Once the resource decision is made and communicated to the project teams, the project teams (who have their own decision groups) are judged on how well the work is executed (defined by the observed results) and how quickly the work is done (defined by the time to deliver results to the observation center.)

This innovation system is different because it is a double learning loop.  The first one is easy to see – results of the actions (e.g., experimental results) are fed back into the observation center so the DG can learn.  The second loop is a bit more subtle and complex.  Because the group continuously re-orients itself, it always observes information from a different perspective and always sees things differently.  In that way, the same data, if observed at different times, would be analyzed and synthesized differently and the DG would make different decisions with the same data. That’s wild.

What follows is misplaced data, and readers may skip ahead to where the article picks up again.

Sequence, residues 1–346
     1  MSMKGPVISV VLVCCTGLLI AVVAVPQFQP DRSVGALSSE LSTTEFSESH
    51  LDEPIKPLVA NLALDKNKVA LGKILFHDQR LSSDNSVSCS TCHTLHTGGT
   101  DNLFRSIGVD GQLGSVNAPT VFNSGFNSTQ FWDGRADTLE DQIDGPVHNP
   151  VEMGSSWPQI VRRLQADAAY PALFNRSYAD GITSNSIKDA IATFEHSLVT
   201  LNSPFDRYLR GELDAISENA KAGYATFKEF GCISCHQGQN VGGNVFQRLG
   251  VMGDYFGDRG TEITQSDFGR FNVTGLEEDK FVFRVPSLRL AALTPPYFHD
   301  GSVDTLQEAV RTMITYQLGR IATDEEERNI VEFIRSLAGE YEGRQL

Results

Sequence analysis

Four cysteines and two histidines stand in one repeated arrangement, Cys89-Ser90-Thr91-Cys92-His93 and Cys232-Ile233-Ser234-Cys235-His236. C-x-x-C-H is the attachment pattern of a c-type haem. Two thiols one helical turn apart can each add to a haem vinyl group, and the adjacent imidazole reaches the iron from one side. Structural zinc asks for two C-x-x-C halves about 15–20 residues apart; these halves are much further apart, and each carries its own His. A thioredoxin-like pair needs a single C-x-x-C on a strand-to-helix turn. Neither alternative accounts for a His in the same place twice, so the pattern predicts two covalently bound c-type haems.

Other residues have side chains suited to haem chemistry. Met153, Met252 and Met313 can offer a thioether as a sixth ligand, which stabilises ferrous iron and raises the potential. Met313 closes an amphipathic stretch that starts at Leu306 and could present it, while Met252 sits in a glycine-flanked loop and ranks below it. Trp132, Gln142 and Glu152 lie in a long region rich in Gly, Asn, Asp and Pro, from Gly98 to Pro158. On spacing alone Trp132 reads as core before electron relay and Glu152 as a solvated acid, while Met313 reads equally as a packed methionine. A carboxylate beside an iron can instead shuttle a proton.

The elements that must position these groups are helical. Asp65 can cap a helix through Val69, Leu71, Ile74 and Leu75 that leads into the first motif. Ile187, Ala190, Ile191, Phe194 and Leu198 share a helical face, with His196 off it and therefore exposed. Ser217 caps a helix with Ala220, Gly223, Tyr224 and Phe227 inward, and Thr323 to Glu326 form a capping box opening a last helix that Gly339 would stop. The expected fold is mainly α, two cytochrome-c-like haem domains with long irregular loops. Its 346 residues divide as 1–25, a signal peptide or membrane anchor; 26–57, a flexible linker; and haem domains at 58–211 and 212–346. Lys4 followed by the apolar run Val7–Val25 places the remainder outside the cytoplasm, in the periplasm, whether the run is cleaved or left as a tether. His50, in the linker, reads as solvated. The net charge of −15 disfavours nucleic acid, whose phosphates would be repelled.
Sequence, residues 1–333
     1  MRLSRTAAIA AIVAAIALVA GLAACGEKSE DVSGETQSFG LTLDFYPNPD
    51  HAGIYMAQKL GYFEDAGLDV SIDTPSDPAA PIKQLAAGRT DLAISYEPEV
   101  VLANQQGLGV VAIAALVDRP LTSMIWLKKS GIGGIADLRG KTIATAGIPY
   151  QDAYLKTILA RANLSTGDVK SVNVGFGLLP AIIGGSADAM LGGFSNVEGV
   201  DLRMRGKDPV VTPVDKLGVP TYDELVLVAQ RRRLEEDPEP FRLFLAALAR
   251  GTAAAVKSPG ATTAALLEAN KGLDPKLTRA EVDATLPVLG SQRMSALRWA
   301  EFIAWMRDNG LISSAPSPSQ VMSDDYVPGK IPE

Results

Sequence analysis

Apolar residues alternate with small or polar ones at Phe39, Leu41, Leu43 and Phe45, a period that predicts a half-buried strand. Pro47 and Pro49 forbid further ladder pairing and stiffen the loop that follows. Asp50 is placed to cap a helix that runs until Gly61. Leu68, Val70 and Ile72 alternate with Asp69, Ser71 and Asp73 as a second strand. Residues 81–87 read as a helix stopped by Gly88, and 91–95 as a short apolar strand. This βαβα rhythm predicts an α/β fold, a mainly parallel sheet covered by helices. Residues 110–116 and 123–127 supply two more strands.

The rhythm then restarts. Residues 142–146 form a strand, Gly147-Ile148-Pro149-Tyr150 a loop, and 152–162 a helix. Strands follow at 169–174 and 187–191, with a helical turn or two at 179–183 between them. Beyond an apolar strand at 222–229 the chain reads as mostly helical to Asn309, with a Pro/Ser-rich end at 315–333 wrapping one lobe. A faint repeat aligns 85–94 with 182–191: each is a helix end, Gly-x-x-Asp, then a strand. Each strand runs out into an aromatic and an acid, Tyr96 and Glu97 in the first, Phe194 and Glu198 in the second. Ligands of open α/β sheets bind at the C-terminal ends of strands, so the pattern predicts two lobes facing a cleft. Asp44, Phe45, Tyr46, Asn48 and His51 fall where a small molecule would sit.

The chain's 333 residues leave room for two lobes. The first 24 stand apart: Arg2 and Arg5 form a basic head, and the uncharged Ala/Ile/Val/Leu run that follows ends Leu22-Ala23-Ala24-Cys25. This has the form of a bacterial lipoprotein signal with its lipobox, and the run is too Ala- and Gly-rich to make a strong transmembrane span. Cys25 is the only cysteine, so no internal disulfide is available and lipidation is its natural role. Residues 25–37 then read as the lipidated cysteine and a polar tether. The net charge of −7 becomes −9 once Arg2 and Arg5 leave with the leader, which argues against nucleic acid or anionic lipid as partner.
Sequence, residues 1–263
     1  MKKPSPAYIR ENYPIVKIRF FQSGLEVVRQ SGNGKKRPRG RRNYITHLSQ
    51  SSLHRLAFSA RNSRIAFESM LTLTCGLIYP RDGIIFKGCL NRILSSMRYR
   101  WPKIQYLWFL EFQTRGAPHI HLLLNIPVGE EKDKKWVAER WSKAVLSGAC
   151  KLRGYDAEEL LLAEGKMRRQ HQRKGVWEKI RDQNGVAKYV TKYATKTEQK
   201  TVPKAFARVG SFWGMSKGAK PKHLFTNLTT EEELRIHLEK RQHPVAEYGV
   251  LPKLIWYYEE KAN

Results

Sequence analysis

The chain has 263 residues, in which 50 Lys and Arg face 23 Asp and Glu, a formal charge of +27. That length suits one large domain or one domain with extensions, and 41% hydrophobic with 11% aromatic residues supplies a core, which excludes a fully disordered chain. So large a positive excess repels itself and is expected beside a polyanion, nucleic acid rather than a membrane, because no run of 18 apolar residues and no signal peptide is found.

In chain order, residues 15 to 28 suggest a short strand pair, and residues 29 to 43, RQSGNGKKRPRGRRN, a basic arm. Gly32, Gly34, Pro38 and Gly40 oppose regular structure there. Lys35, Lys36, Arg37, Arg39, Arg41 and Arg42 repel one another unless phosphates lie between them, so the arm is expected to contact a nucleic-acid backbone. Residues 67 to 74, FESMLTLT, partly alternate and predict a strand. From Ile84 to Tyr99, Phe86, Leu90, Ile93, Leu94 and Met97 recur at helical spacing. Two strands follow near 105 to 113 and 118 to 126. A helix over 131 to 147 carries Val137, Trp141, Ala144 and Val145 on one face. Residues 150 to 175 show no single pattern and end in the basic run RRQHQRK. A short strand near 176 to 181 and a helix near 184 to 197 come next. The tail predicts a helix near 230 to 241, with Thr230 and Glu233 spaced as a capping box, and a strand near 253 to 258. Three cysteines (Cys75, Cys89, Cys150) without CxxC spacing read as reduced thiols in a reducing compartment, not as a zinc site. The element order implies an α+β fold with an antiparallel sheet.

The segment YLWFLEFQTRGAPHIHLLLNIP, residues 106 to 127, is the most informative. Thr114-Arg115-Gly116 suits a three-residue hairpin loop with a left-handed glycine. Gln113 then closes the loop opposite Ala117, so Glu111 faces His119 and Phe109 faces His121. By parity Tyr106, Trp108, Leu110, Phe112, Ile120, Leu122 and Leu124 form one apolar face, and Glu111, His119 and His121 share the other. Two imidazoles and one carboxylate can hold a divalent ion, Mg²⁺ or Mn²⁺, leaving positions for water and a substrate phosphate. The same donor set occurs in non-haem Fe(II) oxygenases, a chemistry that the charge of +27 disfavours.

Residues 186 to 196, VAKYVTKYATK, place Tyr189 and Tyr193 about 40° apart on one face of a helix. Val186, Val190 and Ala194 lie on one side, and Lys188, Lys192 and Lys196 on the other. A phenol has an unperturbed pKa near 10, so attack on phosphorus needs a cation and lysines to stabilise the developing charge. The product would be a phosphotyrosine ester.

The pace of this double learning loop defines the pace of learning which governs the pace of innovation.   When new information from the streams (internal and external) arrive automatically and without delay (and in a format that can be internalized quickly), the DG doesn’t have to request information and wait for it. When the DG makes the resource-project decisions it’s always oriented within the context of latest information, and they don’t have to wait to analyze and synthesize with each other.  And when they’re all on the same page all the time, decisions don’t have to wait for consensus because it already has.  And when the group has authority to allocate resources and chooses among well-defined projects with clear linkage to company profitability, decisions and actions happen quickly.  All this leads to faster and better innovation.